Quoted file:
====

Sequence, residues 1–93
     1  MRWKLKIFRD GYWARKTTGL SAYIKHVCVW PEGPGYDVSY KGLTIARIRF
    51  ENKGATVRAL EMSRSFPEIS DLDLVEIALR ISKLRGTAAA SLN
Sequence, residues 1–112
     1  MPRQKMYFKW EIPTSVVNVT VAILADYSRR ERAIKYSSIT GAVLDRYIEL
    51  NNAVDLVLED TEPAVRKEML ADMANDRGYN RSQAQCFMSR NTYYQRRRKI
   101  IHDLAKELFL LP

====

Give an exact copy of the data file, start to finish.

Sequence, residues 1–93
     1  MRWKLKIFRD GYWARKTTGL SAYIKHVCVW PEGPGYDVSY KGLTIARIRF
    51  ENKGATVRAL EMSRSFPEIS DLDLVEIALR ISKLRGTAAA SLN
Sequence, residues 1–112
     1  MPRQKMYFKW EIPTSVVNVT VAILADYSRR ERAIKYSSIT GAVLDRYIEL
    51  NNAVDLVLED TEPAVRKEML ADMANDRGYN RSQAQCFMSR NTYYQRRRKI
   101  IHDLAKELFL LP